From the mind of Mary Borsellino comes Psychopomp High, a story of love and identity set in a high school of the dead. Caleb is a psychopomp with no memory of who he was in life. It doesn’t take him long to meet and befriend Luke and Marcella, two fellow psychopomps with their own secrets.
Psychopomp High plays in a straightforward manner. Stick with either Luke or Marcella to find out their stories and learn Caleb’s role in the afterlife, initiating a romance along the way. It’s when Caleb’s alone though that bad things start happening. What really catches my interest is the suggestion of a fully realized world underlying a short game. Luke isn’t human, Marcella wasn’t always, and Caleb…well, he’s something else entirely. Luke, Marcella, and Caleb look and behave human, but the game makes it clear that this comes more from a longing to be human more than anything, taking the time to deconstruct shallowly even the standard high school setting. After all, the game points out, why exactly would dead teenagers go to school?
Despite the somberness of the premise–dead teenagers! amnesia! revenge!–Psychopomp High is a breezy, sincere addition to the visual novel genre, with an intriguing hint of darkness underneath the bright colors.
So that’s pretty spectacular. SPEAKING OF SPECTACLE, if you live in Melbourne and are free on the 7th of June at 3pm, come to the launch of my newest novel, Thrive, at the Ether Conference Centre on Little Bourke st (between Swanston and Elizabeth).
Bring your friends! Bring your frenemies! Bring randoms off the street! BRING YOURSELF! please for the love of heck bring yourself i’m terrified nobody’s going to come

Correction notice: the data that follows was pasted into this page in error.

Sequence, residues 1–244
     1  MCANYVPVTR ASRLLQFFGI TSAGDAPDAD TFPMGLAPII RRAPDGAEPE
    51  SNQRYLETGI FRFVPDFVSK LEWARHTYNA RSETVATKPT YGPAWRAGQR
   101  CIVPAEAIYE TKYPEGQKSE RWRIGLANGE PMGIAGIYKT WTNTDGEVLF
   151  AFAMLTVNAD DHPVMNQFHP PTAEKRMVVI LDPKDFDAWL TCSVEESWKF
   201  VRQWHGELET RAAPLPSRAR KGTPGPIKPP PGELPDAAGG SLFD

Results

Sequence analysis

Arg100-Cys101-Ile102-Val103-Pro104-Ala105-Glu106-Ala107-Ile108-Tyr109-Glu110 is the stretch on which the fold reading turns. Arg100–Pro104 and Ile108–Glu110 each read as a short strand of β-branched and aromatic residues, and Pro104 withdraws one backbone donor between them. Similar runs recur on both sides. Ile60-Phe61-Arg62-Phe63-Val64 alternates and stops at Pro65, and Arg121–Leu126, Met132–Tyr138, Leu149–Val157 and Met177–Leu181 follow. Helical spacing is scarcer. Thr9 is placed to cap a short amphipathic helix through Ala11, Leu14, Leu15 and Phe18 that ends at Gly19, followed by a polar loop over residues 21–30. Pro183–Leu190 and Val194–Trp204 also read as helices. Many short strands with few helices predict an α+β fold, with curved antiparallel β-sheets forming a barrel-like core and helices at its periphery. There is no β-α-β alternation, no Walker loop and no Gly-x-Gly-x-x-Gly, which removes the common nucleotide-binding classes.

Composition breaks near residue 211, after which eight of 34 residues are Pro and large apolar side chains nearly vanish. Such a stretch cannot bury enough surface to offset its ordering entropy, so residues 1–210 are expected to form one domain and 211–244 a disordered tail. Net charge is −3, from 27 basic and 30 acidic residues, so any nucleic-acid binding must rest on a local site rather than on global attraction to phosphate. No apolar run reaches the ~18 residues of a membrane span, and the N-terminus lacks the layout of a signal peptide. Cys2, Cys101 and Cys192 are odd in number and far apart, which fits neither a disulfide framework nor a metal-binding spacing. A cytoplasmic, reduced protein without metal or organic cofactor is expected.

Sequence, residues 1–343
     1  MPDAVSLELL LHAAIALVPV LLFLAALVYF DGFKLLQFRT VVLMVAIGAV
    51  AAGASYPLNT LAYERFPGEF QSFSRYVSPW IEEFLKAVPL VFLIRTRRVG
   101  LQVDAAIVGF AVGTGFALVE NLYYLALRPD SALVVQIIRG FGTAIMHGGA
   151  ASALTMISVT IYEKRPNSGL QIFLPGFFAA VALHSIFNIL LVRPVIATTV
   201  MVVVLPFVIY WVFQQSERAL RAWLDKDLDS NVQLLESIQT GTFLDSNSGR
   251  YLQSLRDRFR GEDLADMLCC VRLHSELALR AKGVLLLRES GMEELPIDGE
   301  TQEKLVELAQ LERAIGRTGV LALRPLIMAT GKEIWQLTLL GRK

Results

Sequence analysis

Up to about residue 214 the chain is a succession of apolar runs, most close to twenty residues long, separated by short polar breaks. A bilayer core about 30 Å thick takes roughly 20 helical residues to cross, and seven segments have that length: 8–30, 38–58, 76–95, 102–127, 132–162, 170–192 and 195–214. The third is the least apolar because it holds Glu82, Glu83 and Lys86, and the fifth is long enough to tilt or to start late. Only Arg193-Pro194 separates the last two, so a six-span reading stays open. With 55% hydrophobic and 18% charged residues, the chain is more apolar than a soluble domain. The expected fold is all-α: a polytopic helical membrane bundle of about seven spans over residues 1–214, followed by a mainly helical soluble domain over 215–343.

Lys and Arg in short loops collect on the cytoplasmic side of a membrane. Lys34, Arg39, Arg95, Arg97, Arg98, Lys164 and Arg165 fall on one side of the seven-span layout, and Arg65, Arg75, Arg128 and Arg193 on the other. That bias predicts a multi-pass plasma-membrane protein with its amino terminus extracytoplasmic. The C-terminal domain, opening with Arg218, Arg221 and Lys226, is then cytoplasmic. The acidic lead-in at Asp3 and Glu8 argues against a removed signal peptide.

Over the past weekend I did presenter, panelist, and moderator duties across a wide variety of sessions at the Room 801 convention/conference in Sydney. It was a fantastic experience and I was glad to be involved with such a vibrant, positive event for the second year running.
One of the sessions I presented was a preview of the Dramatical Murder fangame I’m involved with making, Chequerboard Blues. I’m responsible for scripting and dialog on the project, which should be out later this year.
The audience response to the game preview was enthusiastic and positive, which made for a great first outing! I love this game, and can’t wait to share it with everyone.
A couple of weeks ago I visited the Hobbiton location in New Zealand, and 33 is the age where hobbits come of age, and I turn 33 at the end of this week, and so for these rather tenuous reasons here are 33 pictures of Hobbiton.
A little girl protected and raised under the watchful eyes of Lestat and Louis finally has the chance to grow up.
Prince Lestat is, aptly for a book with the title of a royal heir in its name, a book about lineages. Of genetics, cultures, histories, wealth, secrets, knowledge. Parents and children, for better or for worse. Over and over, Prince Lestat is a book about parents and children, and how children are heirs to the world their parents provide them.
In Eric Diaz’s review of the book he notes that among all the reunions, resurrections, and second chances in the story, Claudia remains absent: “Some deaths, it seems, are sacred.” This is a particularly noteworthy observation for those who’ve read the interim Chronicles, where Claudia’s spectre has been conjured up in various roles by the narrative, a spirit that seems unable to stay quiet for very long over the series.